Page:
Anti-abortionists invade doctors’ meeting
By Peggy Peck
United Press International
Published 5/5/2004 8:58 AM
PHILADELPHIA, May 4 (UPI) — A small contingent of anti-abortion protestors invaded a meeting of the American College of Obstetricians and Gynecologists Tuesday, an action the organization’s leader called an act of domestic terrorism.
The protestors had been camped outside Philadelphia’s convention center since the college opened its meeting Sunday. About a half-dozen protestors walked into a meeting session, titled “Innovations in Contraception and Abortion.” They somehow penetrated the meeting’s private security personnel and forced their way into the gathering.
Witnesses said the protestors pushed aside a doctor to enter the room and then began videotaping attendees, including each doctor’s name badge, which identified where the doctor lives or practices.

Dr. Harry Jonas, a former president of the obstetrician’s group and a board member of Physician’s for Reproductive Choice and Health, told United Press International, “I think we need to take the advice of our president (George Bush) and refuse to bow to domestic terrorism, which is what this is.”
Dr. Vivian M. Dickerson, an associate professor at the University of California, Irvine, and incoming ACOG president, called the incident frightening and appalling and decried the breach of security. She said some anti-abortion groups circulate physician identities on Web sites, raising concerns about personal safety.
Within a few minutes, the security guards arrived in force and escorted the protestors out of the convention center, where they immediately resumed their positions across the street.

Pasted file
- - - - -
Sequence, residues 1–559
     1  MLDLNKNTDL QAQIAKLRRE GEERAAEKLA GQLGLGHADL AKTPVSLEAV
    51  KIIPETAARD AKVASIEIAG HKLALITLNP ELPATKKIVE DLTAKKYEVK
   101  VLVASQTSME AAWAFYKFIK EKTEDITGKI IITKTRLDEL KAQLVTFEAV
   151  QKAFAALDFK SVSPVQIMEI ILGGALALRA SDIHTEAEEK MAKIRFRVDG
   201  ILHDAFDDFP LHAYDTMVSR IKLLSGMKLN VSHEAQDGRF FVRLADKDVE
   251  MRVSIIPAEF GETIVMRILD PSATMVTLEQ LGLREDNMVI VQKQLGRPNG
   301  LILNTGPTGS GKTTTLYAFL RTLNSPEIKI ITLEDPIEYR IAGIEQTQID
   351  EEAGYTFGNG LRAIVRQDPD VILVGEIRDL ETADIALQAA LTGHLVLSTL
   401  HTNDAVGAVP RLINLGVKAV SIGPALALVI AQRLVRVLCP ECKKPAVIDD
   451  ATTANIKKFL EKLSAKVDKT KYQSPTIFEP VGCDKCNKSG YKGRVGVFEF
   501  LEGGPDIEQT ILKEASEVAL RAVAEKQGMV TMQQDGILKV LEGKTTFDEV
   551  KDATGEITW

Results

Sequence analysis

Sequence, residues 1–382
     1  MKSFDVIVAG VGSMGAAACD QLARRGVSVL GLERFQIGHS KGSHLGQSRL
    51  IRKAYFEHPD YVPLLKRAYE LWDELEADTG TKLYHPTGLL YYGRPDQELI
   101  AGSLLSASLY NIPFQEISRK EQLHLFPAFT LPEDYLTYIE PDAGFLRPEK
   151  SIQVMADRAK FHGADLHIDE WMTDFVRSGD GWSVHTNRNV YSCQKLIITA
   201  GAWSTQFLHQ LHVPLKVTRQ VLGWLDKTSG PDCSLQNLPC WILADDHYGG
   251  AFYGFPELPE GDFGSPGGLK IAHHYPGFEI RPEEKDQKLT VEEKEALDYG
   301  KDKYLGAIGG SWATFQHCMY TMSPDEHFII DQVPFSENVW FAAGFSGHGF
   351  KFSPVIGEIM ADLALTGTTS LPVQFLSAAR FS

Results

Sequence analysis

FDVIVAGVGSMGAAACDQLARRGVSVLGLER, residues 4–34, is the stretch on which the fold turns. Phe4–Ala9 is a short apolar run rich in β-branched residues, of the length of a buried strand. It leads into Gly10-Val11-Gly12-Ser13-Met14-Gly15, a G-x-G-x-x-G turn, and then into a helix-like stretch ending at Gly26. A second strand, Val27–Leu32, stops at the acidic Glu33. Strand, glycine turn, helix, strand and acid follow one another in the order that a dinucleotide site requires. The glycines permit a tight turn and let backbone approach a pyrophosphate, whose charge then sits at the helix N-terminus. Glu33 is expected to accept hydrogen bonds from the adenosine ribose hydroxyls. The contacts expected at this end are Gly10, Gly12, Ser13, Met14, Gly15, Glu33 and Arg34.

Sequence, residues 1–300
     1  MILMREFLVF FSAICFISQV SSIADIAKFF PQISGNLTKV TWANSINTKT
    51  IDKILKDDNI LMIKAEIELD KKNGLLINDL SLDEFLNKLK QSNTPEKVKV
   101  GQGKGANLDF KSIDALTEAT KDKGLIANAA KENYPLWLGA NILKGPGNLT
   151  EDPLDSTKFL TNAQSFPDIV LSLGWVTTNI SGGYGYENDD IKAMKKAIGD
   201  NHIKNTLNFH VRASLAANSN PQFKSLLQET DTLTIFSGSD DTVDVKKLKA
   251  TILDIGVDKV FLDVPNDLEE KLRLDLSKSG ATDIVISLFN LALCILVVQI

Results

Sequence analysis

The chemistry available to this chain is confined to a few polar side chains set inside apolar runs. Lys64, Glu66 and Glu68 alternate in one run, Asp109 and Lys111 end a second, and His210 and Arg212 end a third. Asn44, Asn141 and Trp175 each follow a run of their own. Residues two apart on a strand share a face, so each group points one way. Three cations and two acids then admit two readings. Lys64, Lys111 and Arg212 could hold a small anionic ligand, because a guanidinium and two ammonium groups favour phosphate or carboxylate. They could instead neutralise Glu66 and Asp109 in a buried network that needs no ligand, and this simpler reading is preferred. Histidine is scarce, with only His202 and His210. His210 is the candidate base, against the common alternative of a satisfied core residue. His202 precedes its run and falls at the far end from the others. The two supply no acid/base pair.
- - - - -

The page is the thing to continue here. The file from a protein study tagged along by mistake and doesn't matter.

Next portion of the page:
One protestor who had entered the meeting, Nate Enyart of Denver, told UPI his group intended to disrupt the session but denied they took video images of physicians or attempted to identify them.
Jonathan O’Toole, of Kansas City, Mo., another member of the anti-abortion group — which is called Survivors — told UPI the group did attempt to videotape physicians. Although he carried a video camera in a tote bag at his side, he said he had not used it in this instance.
Another protestor, who identified himself as Robert Fitzgerald and claimed to be a member of ACOG — and was wearing a badge designating him as a “Life Fellow” of the organization — said he did not participate in the inside protest, “but I do support the action.”
Fitzgerald, who said he currently practices in Great Neck, N.Y., on Long Island, said he had been an obstetrician/gynecologist for 46 years and opposed abortion.
The anti-abortion incident occurred as ACOG and the Physicians for Reproductive Choice and Health is discussing urging the U.S. Food and Drug Administration to approve an emergency contraception pill, called Plan B, for sale as an over-the-counter medication. An FDA advisory committee recommended OTC status for the drug late last year and the agency originally said it would rule in February, but then extended the deadline until May 21.